While there have been management challenges in the recreational red snapper fishery in recent years, the current program on the harvest side is working. Yes, there have been challenges with overfishing of the stock in the past, however the species is no longer undergoing overfishing and it is now being managed under a rebuilding plan which will allow the species to rebuild back to target population levels. The Commercial red snapper Individual Fishing Quota (IFQ) program, which began in 2007, has reduced the number of vessels and improved the operation of this fishery. The IFQ program now provides the harvesting sector with flexibility to fish during times that suit their needs and the needs of the market resulting in less pressure on the fishery and less pressure on the resource. Unfortunately, the recreational red snapper sector has yet to adopt a similar solution and federal management of the recreational side of the business is in turmoil.  Fishery managers, still relying on the antiquated “days at sea” model for management, have drastically reduced fishing days for recreational red snapper leading to serious economic implications for the Gulf coast economy. While I agree that Congress should take steps to improve management of recreationally-caught red snapper, any solution that upsets the success of the commercial red snapper program is not a solution at all and would only harm the industry, seaside communities and the millions of consumers who depend on the year-round availability of red snapper.

Section 10(f) of the discussion draft simply extends state seaward boundaries in the Gulf to 9 miles which would have the effect of turning management of red snapper over to the five Gulf states. While this seems like a simple, straightforward solution, the devil is in the details

Most importantly, we need to clarify that this section only applies to the recreational red snapper fishery. Simply inserting the word “recreational” before the term “red snapper” in this section should meet this important goal. Management of the commercial red snapper fishery is working and to throw that program into turmoil would be detrimental to communities and to consumers who might lose access to the resource. Of equal importance to the future of the fishery would be to ensure that the sustainability standards required by MSA be preserved in any new state-run red snapper management program. It is in all our best interests to maintain strong federal oversight of these new state programs to ensure a positive long-term prognosis for the species and those who rely upon it to make a living. Finally, we would like clarification on the seaward boundary lines. Section 10(f) seems to extend the seaward boundary for red snapper to 9 miles two separate times so it is unclear if the final boundary is 9 miles or 18 miles. A final boundary of 9 miles is acceptable and would be comparable to the territorial sea boundaries of Texas and the west coast of Florida, while 18 miles is not and would be inconsistent with the boundaries of Texas and Florida.

Of further concern is the impact of the extension of state water boundaries on the commercial fleet if they are excluded from operating in traditional areas. For example, In Florida, commercial vessels are prohibited from harvesting reef fish in state waters and currently, those waters extend to 9 miles. So, if the boundaries are extended to nine miles in Alabama, Louisiana and Mississippi as well, the vibrant commercial red snapper fishery that has been operating in those areas traditionally will suddenly be shut out causing serious challenges to our community. Congress must ensure that traditional fishing grounds for the commercial red snapper fleet are maintained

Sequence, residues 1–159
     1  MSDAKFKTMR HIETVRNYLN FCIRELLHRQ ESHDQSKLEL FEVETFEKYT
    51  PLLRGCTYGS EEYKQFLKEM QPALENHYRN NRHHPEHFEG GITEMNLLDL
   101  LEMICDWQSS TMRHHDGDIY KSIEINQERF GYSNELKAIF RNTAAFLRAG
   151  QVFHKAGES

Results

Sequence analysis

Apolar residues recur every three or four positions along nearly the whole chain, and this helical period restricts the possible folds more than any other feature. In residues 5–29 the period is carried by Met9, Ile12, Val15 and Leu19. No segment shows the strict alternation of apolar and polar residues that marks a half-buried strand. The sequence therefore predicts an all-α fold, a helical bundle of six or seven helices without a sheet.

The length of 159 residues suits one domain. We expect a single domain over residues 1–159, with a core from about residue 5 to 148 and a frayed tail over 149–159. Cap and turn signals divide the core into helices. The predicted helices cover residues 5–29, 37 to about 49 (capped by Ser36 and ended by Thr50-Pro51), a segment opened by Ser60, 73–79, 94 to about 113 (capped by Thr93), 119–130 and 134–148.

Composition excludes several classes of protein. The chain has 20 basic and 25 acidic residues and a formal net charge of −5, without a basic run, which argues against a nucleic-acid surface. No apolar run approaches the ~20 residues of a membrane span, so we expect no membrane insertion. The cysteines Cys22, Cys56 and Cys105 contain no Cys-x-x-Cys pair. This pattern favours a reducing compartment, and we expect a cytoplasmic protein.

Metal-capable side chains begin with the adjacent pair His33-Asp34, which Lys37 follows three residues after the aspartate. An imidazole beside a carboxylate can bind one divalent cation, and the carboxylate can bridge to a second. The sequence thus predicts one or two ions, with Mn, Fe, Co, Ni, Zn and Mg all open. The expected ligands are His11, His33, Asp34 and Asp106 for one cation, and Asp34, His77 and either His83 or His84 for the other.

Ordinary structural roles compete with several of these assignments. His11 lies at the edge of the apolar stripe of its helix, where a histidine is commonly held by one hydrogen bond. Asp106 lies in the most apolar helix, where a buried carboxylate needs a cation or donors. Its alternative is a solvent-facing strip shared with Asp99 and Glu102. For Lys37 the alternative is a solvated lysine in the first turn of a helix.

The Committee should also take this opportunity to reassess language found in Sec. 407(d)(1) of the current MSA that mandates the shut-down of the entire recreational fishery, which currently includes charter boats, when that sector’s quota is met. Under the current MSA, charter boats are considered part of the recreational fishery, despite the fact that the Gulf Council is moving forward with some innovative new management programs that apply to charter boats only. If the broader recreational community exceeds their quota, under current law, the shut down of that sector would also handicap the charter boats. One way to address this might be to remove language in Sec. 407(d)(1) that states that the term “recreational “ shall include charter boats for purposes of this subsection. The GSI would appreciate an opportunity to discuss this concept in more depth with the Committee as this reauthorization moves forward.

Some other questions that you should consider before moving forward with this section include questions of state enforcement capabilities, state scientific data collection capabilities, state funding ability, and the enforcement of interstate boundaries at sea. Despite the usual procedural challenges, the Council management process works as intended and to throw one fishery into a state-run model might set a misguided precedent that threatens to undermine the great successes MSA has had overall.

While GSI has reservations about the state boundary language of Section 10, the remainder of the section addressing research is very positive. We strongly support the development of a real-time reporting and data collection program, increased frequency of stock surveys, and the use of updated fisheries information in red snapper stock assessments. In fact, it would be helpful if these concepts were expanded to all fisheries in the Gulf of Mexico, not just red snapper. We look forward to working closely with the Committee to see these priorities are enacted

With this testimony, I hope I have provided the Committee with more clarity on how the proposed changes to MSA will impact the Gulf of Mexico seafood community and consumers who depend on us. Again, maintenance of the federal framework for sustainability and the preservation of the current IFQ program for the commercial community is imperative to any plan designed to eliminate confusion in the red snapper fishery. Our consumers and the American public depend on it. Further, I hope I’ve given you some food for thought with regard to additional modifications to the draft bill that might benefit our nation’s fishery management system overall.

I look forward to working with the Committee on these important issues and I welcome any questions you may have.


[1]   National Research Council.Division of Earth Life Sciences. Ocean Board. Evaluating the Effectiveness of Fish Stock Rebuilding Plans in the United States. Washington, D.C.: U.S. National Academies Press, 2013.